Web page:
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Meet the Mountain View City Council candidates

Meet the Mountain View City Council candidates


Nine candidates have filed to run for three open seats on the Mountain View City Council in the Nov. 4 election – none of them incumbents. The Town Crier asked them to introduce themselves to readers in the following Q&A format. We knew the...

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Schools

LASD committee looks to rank campus improvement projects

LASD committee looks to rank campus improvement projects


Traci Newell/Town Crier
The Los Altos School District’s newly expanded Facilities Advisory Committee met for the first time last week. The 28-member committee’s first task is to prioritize campus improvement projects.

The Los Altos Scho...

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Community

Sports

New-look Lancers find their footing

New-look Lancers find their footing


Ellie Van Houtte/Town Crier
St. Francis High’s Jenna Adams, left, and Carly Deale attempt to bump the ball Friday night. The juniors combined for 28 kills.

This year’s St. Francis High girls volleyball team faintly resembles last season’s squad ...

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Special Sections

MV Whisman teachers cite low pay

MV Whisman teachers cite low pay


Ellie Van Houtte/Town Crier
An estimated 75 supporters of higher teacher pay turned out for the Sept. 4 Mountain View Whisman School District board meeting.

Teachers, trustees and administrators are recovering from a dramatic Mountain View Whism...

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Business

Skin rejuvenation studio joins Rancho

Skin rejuvenation studio joins Rancho


Ellie Van Houtte/Town Crier
Esthetician Marjan Kashi showcases one of the treatment rooms at her new studio, Pure Serenity Skincare at Rancho Shopping Center. Kashi provides services including microdermabrasion and various light and heat energy the...

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Books

A woman's perspective on the Greatest Generation

A woman's perspective on the Greatest Generation


During World War II, Virgilia Short Witzel, a young mother and U.S. Navy officer’s wife, grappled on the home front in Menlo Park with wartime rationing, shortages and loneliness. During the ensuing Cold War, she experienced adventure and misadventur...

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People

JERALD (JERRY) NELSON CHRISTIANSEN

JERALD (JERRY) NELSON CHRISTIANSEN

Resident of San Jose and Los Altos, California

July 21, 1931 to August 4, 2014

Born in Arimo, Idaho, to Jerald Emmett and Rebecca Henderson Nelson Christiansen. Raised in Davis and Riverside, California, with summers in Downey, Idaho, and in Loga...

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Travel

LA photographer spends a night with cranes – and moose – in Alaska

LA photographer spends a night with cranes – and moose – in Alaska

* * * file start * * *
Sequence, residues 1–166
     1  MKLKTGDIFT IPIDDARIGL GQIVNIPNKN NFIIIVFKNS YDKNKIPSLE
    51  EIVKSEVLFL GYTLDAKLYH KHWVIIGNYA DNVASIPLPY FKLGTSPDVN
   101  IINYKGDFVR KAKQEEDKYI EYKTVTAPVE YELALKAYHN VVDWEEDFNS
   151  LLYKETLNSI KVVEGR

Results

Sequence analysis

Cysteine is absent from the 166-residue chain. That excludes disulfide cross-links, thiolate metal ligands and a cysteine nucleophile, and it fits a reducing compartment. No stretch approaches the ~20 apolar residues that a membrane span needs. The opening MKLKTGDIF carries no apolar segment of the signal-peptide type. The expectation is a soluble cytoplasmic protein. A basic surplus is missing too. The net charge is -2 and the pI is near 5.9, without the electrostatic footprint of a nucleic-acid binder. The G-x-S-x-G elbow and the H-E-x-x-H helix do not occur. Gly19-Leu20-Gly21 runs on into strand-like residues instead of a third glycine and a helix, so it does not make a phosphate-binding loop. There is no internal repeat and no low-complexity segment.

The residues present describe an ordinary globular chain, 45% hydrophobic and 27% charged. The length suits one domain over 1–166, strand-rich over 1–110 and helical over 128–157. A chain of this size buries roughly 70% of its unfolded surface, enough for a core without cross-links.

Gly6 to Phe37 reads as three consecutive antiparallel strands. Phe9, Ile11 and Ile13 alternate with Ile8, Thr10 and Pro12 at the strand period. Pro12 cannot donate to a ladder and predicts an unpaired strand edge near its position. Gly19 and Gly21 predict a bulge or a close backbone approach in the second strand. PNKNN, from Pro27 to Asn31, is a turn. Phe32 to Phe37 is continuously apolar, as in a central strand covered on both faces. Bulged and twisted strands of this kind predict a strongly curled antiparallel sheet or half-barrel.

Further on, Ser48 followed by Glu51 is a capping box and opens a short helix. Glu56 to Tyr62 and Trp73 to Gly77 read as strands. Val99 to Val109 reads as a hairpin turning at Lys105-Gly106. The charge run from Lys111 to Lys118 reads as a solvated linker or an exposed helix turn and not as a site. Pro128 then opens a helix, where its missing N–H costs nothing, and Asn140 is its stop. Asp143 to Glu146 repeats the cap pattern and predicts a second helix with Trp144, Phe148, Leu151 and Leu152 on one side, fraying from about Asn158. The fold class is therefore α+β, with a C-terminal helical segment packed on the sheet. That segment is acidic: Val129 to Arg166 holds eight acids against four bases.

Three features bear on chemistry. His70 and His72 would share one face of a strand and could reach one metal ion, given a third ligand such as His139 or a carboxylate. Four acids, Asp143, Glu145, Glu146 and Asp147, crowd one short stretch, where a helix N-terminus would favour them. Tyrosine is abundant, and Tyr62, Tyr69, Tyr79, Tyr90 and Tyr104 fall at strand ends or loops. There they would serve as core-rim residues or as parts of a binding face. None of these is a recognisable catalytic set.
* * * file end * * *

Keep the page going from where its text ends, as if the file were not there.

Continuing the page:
Sandy Powell/Special to the Town Crier
Los Altos resident and bird photographer Sandy Powell recently visited Homer, Alaska, to photograph Sandhill cranes, below. While there, Powell also encountered moose, left.

Los Altos resident Sandy Powell, a...

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Stepping Out

Pear puts on a pair of plays

Pear puts on a pair of plays


J. Smith/Special to the Town Crier
Dan Kapler (as Teddy) and Betsy Kruse Craig (Trish) star in Pear Avenue Theatre’s “House.”

The Pear Avenue Theatre production of two interlocking comedies by Alan Ayckbourn – “House&...

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Spiritual Life

Back to Church Sunday offers opportunity to recommit

The children in Los Altos are back to school, and I can still hear parents cheering. Summer is officially over, even if the calendar doesn’t quite think so.

Parents have attended Back to School nights to meet their children’s teachers. B...

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Magazine

Los Altos Hills home showcases resort-inspired living

Los Altos Hills home showcases resort-inspired living


Courtesy of Spectrum Interior Design
In place of a more traditional fireplace, this modern living room features a linear-flame firebox that emits heat while offering a sculpturelike design element.

After traveling the world and visiting a host...

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Headache specialist weighs in on treatments


Courtesy of Dr. Ken Peters
Dr. Ken Peters of the Northern California Headache Clinic in Mountain View offers expert advice for migraine sufferers.

According to the World Health Organization, nearly 47 percent of Americans reported experiencing at least one headache in the past year, and more than 10 percent reported suffering a migraine. While headaches are an annoyance for some, they can be downright debilitating for others. Migraine headaches, among the leading causes of missing work, can place significant stress on family life.